Located on the Atlantic coast of Chubut province, Península Valdés is a stunning UNESCO-protected nature reserve teeming with spectacular wildlife, including guanacos, pichi (dwarf armadillos), southern right whales, fur seals, elephant seals, and sea lions. As a result, the peninsula is a critical site for many marine creatures during breeding and nursing seasons, as well as opportunistic orcas that purposely beach themselves to grab an unsuspecting lunch. While the peninsula appears as a desolate landscape, Península Valdés is home to multiple rich ecological systems, spread across tidal flats, salt lakes, mudflats, rocky cliffs, sand dunes, and beaches. Most visitors base themselves in the nearby city of Puerto Madryn (originally a Welsh settlement) or Puerto Pirámides, which is the only town on the peninsula itself.
The capital of Tierra del Fuego is full of hidden delights, including animal-watching along the Beagle channel and the easily-accessible Martial glacier. Ushuaia is also home to the historic End of the World Train, Les Eclaireurs Lighthouse, year-round ice hockey, and some excellent skiing options, including the Martial mountains and Cerro Castor. Nearby is the Tierra del Fuego National Park. If you’re venturing on toward Antarctica, Ushuaia is also a clearinghouse for travellers coming and going to the south pole – some choice eavesdropping in a local coffeehouse or pub yields some excellent stories.
Argentina’s tallest mountain sits pretty at 6,961m, making it the highest point of the Andes. Its surrounding area is part of the Aconcagua Provincial Park, which is pristine and unspoiled thanks to the park entry fee. Even if you’re not a keen mountain climber, Aconcagua has great hiking, camping, bountiful opportunities for nature photography, and even a base camp art gallery.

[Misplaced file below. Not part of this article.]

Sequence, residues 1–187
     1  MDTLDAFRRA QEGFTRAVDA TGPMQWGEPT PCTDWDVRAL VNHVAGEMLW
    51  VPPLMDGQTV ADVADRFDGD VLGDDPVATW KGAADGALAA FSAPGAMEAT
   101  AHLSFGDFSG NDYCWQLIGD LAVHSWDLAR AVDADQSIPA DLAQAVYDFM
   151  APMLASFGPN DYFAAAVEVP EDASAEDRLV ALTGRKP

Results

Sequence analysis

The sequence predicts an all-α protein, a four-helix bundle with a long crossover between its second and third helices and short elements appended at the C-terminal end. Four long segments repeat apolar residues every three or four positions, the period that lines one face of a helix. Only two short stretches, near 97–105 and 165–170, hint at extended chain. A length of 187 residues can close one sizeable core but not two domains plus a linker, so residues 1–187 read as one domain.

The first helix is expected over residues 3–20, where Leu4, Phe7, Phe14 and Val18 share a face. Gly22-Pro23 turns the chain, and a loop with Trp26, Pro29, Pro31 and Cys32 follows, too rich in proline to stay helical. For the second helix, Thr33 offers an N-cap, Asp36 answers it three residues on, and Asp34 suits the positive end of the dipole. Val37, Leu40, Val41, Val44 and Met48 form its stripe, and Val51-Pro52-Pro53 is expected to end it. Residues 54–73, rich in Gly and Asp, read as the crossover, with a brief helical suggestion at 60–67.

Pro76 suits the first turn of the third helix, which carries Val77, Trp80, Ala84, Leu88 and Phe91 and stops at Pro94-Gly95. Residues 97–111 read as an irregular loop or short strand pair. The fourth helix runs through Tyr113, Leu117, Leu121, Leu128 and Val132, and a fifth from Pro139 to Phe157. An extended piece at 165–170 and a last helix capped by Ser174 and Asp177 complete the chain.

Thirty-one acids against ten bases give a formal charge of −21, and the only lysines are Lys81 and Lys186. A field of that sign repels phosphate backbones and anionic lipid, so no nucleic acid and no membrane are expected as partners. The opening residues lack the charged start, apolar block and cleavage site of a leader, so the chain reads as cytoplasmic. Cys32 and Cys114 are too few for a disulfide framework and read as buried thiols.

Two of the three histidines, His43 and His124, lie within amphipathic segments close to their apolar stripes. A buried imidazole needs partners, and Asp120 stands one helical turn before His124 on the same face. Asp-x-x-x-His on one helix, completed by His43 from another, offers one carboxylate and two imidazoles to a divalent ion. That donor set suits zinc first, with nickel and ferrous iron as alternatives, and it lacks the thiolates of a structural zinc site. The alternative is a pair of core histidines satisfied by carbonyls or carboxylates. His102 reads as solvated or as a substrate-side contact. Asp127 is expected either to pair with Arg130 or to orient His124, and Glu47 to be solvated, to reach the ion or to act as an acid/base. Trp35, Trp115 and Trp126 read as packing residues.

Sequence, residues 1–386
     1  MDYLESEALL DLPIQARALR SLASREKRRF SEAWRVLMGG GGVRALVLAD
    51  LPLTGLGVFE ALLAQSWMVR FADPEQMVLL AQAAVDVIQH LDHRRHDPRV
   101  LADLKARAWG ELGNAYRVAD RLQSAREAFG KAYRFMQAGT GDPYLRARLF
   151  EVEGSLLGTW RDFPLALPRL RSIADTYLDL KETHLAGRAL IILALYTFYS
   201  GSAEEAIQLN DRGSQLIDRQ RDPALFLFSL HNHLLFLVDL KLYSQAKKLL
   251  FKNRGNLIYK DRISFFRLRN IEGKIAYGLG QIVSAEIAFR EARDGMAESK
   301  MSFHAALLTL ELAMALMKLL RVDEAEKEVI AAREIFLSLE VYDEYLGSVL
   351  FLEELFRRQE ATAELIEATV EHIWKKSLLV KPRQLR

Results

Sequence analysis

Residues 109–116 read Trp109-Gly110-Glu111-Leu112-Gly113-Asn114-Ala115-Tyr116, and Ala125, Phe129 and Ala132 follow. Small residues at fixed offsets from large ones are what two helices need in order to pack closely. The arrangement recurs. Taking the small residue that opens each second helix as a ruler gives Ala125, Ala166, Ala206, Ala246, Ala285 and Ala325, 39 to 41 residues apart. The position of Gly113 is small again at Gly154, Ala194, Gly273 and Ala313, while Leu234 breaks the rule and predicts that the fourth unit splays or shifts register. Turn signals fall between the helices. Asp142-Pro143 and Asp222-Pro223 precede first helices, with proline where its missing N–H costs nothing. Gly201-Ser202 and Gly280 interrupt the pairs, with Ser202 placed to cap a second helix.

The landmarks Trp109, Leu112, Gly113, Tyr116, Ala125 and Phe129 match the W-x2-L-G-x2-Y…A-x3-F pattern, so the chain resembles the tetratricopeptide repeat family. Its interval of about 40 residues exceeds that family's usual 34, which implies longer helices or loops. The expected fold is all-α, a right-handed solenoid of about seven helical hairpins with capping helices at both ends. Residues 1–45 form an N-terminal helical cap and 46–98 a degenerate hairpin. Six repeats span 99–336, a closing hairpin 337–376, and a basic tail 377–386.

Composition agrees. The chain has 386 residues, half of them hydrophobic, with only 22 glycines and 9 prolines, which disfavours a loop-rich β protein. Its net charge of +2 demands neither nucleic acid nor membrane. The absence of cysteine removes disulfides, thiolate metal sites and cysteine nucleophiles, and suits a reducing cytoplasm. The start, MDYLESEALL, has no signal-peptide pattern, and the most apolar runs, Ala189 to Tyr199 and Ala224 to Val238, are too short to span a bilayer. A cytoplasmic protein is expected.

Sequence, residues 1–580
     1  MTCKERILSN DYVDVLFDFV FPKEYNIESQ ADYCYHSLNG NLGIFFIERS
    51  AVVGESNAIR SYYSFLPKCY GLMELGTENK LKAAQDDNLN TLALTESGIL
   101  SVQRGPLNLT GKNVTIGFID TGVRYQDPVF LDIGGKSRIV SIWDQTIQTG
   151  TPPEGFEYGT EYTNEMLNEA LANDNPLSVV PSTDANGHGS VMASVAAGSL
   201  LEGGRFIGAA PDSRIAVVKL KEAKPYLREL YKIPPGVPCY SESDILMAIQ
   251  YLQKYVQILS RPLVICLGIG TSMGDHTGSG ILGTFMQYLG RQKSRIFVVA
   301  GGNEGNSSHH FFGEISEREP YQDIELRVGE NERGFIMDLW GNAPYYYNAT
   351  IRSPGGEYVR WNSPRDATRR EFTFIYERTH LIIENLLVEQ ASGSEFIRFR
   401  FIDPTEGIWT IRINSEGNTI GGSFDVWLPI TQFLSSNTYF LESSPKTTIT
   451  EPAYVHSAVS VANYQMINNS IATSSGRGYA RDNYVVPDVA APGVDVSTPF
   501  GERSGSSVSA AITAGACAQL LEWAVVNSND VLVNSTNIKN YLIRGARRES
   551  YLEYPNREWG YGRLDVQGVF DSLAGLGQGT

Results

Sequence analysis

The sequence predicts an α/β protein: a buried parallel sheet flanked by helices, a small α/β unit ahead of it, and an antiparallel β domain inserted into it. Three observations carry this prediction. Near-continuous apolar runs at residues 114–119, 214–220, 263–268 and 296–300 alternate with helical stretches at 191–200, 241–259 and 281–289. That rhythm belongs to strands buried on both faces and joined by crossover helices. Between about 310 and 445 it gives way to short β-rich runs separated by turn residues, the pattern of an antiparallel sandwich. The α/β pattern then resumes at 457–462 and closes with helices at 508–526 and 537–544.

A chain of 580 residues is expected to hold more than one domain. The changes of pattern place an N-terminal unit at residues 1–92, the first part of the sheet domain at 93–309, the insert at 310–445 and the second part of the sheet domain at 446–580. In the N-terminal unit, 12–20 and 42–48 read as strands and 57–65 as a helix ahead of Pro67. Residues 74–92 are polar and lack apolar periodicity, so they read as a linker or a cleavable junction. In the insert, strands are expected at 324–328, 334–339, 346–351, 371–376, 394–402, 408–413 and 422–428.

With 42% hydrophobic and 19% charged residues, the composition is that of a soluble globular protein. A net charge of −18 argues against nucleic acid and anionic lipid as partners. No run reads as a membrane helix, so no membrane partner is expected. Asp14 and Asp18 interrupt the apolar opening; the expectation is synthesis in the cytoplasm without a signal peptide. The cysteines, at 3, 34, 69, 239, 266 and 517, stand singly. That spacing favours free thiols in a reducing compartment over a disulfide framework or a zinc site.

While many of Argentina’s biggest natural draws are in the south, an underappreciated northern destination is Jujuy province, which borders Chile and Bolivia. Dotted with the remains of ancient stone fortresses and pre-Incan structures, Jujuy’s is a stark, natural beauty that tells the stories of its many indigenous tribes, including the Aymará, Quechua, and the ancient Incas; terrain in the area ranges from the protected sliver of Yungas jungle, to the multicoloured mountain landscapes of the Quebrada de Humahuaca, a UNESCO World Heritage Site. Come for the incredible remains of pre-Columbian cultures, Cerro de los Siete Colores (Hill of Seven Colours), the Laguna Pozeulos nature reserve, and the beautiful, remote hiking around Iruya village.
Ishigualasto-Talampaya National Parks
Northwestern La Rioja Province is home to the adjacent Ischigualasco and Talampaya National parks. This is a dream destination for dinosaur buffs, as these contiguous parks contain 1,500-year old petroglyphs, paleontological fossils, and geological structures from the Triassic period, over 200 million years ago. Ischigualasto, also known was the 'valley of the moon,' is a surreal sight filled with strange geological formations, literally named by indigenous peoples as 'dead land.' Visitors will need to get a guide to visit the remains of Talampaya’s Lost City, which lies in an enormous crater.